University of Chicago Pozen Family Center for Human Rights
Thursday and Friday, May 19-20, 2016
Imperial powers have often been among the most vocal advocates of human rights. Are human rights ideals in tension with imperialism, or might such ideals in fact be implicated in imperial projects? Especially if such ideals have been complicit in empire, can invocations of human rights still be useful in opposing imperial and racial domination? How does the history of human rights relate to the history of imperialism and decolonization?
This conference will bring together graduate students working with a range of theoretical and historical approaches to address the politics of human rights in relation to race and empire. Potential topics include (but are not limited to) the relationship between liberalism and empire; questions of intervention and sovereignty; narratives of nationhood in human rights discourse; the place of international law in past and contemporary forms of imperialism; international imaginaries and forms of solidarity beyond the nation-state; and connections between human rights, sovereignty, and self-determination.
The conference will run for a day and a half, starting mid-afternoon on Thursday, May 19th and ending early Friday evening, May 20th, 2016. It will include up to six workshop-style sessions on pre-circulated graduate student papers, as well as a keynote talk by Antony Anghie (University of Utah) on “Colonialism and the Future of Human Rights.” Each session will begin with comments from a University of Chicago graduate student discussant. The presenter will have time to respond to discussant comments before opening the conversation to the wider group.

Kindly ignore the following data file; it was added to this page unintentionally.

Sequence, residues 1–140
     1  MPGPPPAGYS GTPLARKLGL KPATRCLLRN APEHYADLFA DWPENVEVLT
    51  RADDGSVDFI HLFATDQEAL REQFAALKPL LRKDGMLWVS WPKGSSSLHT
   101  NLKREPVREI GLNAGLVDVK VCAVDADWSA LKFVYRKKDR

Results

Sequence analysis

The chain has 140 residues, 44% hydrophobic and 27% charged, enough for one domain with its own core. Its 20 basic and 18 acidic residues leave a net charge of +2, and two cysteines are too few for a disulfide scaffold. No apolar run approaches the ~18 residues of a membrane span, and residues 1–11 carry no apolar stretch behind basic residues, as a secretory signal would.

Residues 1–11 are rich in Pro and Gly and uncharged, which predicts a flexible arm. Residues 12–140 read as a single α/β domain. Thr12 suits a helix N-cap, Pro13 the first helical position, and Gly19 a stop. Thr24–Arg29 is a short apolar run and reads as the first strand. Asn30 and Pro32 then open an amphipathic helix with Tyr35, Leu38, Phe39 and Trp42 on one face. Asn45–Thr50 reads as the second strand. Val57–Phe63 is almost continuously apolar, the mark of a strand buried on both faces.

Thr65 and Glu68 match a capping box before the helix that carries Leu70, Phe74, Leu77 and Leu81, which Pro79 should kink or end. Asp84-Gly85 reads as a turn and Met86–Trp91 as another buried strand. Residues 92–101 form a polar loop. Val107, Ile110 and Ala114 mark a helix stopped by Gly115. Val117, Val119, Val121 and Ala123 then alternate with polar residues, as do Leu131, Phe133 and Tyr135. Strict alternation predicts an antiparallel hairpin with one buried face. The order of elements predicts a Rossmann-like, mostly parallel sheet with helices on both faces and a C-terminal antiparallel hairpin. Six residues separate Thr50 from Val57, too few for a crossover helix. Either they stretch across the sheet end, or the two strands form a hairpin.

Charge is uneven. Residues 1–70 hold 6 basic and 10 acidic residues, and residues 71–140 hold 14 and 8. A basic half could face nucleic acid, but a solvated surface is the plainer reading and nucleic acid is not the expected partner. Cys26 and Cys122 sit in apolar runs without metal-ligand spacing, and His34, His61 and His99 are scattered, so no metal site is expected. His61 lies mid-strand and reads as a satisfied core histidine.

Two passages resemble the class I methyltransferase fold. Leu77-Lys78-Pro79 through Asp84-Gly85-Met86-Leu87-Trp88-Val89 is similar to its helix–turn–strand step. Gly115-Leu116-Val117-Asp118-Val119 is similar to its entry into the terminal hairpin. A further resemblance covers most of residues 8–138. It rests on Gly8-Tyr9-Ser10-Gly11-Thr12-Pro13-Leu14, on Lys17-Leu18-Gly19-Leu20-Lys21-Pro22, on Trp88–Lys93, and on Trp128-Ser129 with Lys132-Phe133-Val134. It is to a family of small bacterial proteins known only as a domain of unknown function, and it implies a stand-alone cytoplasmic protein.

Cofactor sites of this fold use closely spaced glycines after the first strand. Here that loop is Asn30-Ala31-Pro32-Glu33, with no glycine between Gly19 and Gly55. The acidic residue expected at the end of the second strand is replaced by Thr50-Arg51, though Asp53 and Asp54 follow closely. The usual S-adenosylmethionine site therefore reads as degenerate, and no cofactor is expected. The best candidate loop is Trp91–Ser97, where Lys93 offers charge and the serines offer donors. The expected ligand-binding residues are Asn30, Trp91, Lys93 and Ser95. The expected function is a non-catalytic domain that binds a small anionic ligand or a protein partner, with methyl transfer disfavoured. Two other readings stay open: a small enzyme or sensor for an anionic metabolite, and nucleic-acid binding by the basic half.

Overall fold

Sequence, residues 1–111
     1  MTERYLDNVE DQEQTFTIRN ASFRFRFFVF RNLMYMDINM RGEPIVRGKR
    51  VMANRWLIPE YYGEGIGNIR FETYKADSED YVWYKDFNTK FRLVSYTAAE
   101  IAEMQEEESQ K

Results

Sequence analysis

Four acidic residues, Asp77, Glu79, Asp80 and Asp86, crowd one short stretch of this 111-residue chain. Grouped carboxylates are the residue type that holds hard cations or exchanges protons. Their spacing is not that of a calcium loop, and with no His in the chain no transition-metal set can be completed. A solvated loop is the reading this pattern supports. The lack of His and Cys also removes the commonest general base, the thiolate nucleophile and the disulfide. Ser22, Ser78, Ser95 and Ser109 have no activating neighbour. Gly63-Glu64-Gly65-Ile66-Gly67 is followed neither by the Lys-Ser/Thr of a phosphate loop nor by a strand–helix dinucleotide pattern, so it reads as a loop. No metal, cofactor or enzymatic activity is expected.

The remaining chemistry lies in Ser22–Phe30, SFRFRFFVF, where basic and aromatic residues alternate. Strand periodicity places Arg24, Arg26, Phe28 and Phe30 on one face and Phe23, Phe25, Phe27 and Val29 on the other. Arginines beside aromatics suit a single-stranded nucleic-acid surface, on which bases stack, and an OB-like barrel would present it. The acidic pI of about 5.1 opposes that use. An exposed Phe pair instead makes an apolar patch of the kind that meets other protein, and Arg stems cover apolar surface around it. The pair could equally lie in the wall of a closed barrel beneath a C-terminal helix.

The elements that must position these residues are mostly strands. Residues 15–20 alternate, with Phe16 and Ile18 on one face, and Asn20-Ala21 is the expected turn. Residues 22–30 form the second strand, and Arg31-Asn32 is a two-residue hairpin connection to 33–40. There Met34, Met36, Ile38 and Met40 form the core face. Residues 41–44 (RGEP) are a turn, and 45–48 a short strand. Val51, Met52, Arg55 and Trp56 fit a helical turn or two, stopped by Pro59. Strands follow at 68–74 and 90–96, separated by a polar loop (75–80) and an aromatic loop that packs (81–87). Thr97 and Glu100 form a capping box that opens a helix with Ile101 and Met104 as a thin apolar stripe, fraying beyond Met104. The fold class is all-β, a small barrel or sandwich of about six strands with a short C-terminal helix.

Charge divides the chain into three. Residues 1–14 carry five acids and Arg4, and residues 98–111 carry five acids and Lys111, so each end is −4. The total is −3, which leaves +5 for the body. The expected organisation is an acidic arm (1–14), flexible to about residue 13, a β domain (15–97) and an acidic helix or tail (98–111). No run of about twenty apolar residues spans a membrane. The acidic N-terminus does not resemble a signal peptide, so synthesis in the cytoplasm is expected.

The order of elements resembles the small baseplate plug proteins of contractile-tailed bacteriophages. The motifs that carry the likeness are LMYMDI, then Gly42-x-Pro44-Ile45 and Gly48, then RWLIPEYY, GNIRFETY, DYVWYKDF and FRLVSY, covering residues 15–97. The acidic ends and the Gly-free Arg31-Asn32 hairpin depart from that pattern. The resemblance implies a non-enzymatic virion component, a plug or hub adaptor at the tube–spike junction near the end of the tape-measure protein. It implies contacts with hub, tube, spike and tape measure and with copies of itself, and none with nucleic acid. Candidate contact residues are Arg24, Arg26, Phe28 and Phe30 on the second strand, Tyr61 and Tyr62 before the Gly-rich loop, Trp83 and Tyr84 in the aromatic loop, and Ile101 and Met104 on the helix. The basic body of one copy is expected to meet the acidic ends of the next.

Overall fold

Paper proposals, including a title and an abstract of approximately 500 words, are due by Tuesday, March 1 at 9:00am CST, and should be submitted through the conference website. Notifications will be sent by mid-March. University of Chicago graduate students are welcome to apply; however, preference will be given to external applicants. The conference will cover the cost of lodging in shared rooms for out of town presenters. A limited amount of travel funding is available for participants who cannot secure funding from their home institution.
Those presenting papers will be expected to send their paper draft to the conference organizer for circulation to participants by Monday, May 9th. They are also expected to read all papers and attend all sessions. Travel plans should include arriving in Chicago by 12 noon on Thursday, May 19th and depart no earlier than 7pm on Friday, May 20th.